You know, I wished I had a perfect crystal ball and could tell you, but I will give you my point of view. And it's based on my experience, both in the corporate as well as the education side, I think some very specific things that are maybe short term, as far as the future go, then we'll talk longer term. I think you'll you we are seeing and you'll continue to see shorter duration programmes as as, as managers and executives find difficult to be out of the office for a week or two weeks at a time. And so you'll see, you know, one, two day three day programmes and maybe you see them occur over multiple different cycles. And in a quarter or a year, I think you will see more practice based and experiential learning components. And so individuals taking the frameworks that are brought into the classroom and applying them to projects and this is pretty prominent now. But we're seeing more demand as part of that measurement technique to bring more experiential learning into the into the classroom. And then blended delivery or technology based delivery technology is not the solution, but as it as executives and senior managers find it difficult to get time out of the office, being able to digitally deliver that either synchronously or asynchronously. I think you will you will see Growing now beyond that way out in the future, or at least kind of the next generation for that, I think you began to see more direct measurements of learning output. I think you begin to see more of a thread between courses. So it's not like I'm, I'm taking this group of 20 people from my firm and putting them into these classes, I think you began to see more of an individualised personalised learning component, that an individual design that an individual designs in collaboration with their leadership team or HR team at their organisation and with the learning professionals at a business school, or in an education provider, that are threaded with what their current job responsibilities are, what their aspirational job responsibilities are, kind of their performance gaps and strengths, again, making it a very personalised approach. And I think you will find learning going beyond the facilitator in the classroom to a variety of mediums, whether it's video, whether it's podcasts, whether it's reading, whether it's facilitated learning, whether it's coaching, and probably some technologies that we haven't even thought about yet. We haven't talked about, you know, what role AI plays? Or what role augmented reality plays in this. It's not going to be all about technology, but can How can technology enable learning on a personalised level that creates a path for an individual to help them get where they're going? back to the question about do business schools add value they do, and they will, and they will continue to. But I think you will need to see business school as well as other providers began to vary their offering from this list of 50 classes that we all for over a year sign up and come. You know, there was one quote, I don't know who to attribute it to, but I saw it as part of the World Economic Forum publication, said, I think it said by 2030, the world's largest organisation would be an education provider and that that organisation hasn't been invented yet or hasn't been started yet. So the explosion in the need for education along with upskilling and rescaling and demand for personalised learning is going to grow and, and that will directly and wildly impact I think executive education, perhaps in my lifetime, for sure in your lifetime. We'll see.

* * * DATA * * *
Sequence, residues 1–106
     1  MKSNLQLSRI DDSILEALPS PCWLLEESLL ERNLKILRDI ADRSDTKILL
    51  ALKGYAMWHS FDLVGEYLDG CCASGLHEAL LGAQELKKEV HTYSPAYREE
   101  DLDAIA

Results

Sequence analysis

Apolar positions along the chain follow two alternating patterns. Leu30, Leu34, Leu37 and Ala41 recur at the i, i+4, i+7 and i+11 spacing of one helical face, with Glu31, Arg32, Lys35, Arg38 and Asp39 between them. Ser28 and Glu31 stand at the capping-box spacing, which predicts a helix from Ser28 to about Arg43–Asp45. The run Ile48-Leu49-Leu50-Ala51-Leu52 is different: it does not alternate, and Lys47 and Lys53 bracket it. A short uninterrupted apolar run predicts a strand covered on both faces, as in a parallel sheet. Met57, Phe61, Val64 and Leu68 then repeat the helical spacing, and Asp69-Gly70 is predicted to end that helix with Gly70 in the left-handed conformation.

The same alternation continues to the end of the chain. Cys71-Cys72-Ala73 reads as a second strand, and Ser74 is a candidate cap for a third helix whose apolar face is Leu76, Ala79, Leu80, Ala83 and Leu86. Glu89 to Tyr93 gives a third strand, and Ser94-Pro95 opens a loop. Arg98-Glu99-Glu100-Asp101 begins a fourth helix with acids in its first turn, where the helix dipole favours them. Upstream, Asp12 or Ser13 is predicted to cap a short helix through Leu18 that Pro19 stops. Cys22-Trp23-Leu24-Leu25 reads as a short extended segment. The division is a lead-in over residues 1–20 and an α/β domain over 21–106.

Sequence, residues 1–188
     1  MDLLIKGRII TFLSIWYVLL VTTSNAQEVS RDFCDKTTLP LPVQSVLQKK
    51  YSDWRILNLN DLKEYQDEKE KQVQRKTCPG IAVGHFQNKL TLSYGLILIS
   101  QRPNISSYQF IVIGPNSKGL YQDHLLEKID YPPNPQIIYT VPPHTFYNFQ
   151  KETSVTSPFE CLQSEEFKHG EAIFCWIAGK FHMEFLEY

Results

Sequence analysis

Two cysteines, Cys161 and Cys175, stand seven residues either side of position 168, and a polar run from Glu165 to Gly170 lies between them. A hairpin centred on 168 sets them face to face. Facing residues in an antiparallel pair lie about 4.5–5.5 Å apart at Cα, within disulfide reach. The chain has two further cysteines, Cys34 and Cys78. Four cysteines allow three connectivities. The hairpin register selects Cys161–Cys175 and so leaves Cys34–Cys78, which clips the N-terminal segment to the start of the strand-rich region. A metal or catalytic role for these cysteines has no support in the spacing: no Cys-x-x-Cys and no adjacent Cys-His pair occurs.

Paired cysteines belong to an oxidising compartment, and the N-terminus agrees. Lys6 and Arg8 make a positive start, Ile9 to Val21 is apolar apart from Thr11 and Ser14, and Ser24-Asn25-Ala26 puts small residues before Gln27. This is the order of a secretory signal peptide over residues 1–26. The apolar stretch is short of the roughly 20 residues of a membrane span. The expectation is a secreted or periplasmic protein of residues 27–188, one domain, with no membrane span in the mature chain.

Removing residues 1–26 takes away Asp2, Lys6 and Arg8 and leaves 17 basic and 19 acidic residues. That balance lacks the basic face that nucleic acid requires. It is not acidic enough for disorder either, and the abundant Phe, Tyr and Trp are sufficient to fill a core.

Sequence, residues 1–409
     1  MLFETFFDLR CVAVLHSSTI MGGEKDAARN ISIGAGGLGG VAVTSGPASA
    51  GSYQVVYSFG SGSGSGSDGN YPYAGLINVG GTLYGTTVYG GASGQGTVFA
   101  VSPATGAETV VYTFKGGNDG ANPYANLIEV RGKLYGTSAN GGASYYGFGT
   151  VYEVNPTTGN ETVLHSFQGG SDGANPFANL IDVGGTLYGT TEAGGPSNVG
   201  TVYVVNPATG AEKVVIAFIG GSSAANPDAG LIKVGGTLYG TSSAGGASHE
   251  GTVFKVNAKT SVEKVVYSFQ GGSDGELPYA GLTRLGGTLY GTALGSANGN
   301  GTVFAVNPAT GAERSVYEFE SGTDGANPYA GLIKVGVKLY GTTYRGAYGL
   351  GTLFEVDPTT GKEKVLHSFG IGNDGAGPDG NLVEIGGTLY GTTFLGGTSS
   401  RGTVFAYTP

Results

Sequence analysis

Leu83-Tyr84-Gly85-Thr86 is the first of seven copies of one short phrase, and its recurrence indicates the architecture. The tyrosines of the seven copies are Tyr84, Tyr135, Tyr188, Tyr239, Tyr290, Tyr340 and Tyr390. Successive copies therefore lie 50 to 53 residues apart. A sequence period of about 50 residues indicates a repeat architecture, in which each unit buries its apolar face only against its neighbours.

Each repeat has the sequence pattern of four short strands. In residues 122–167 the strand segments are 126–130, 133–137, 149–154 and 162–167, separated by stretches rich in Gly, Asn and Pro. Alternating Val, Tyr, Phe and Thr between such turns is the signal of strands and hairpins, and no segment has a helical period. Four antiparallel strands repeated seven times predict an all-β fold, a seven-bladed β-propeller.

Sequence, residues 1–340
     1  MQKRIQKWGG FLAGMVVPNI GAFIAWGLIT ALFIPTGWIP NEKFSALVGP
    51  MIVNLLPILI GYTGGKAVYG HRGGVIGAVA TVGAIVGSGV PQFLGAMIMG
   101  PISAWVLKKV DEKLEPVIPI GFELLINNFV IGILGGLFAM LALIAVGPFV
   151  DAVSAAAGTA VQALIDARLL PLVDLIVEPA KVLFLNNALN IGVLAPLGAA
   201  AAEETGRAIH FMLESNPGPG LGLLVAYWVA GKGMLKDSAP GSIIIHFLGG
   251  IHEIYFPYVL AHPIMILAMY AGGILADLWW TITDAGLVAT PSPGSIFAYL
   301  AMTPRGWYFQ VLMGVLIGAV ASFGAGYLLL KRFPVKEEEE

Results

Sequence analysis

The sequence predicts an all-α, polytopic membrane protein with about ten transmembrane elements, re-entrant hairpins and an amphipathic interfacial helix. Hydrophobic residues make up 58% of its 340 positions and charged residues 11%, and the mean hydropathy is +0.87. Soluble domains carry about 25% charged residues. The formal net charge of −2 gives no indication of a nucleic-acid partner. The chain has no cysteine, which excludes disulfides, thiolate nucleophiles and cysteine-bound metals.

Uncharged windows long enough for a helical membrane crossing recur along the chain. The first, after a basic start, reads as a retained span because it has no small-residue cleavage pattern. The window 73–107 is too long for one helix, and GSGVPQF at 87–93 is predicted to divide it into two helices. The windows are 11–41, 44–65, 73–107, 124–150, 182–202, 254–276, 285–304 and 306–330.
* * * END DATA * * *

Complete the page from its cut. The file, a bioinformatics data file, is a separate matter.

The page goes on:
That's quite fascinating. Thank you, Dr. Burton, for taking the time to give us these perspectives.
Thank you so much. I appreciate the opportunity. It was a great conversation, hopefully, hopefully spurred some thoughts and different people. Thanks.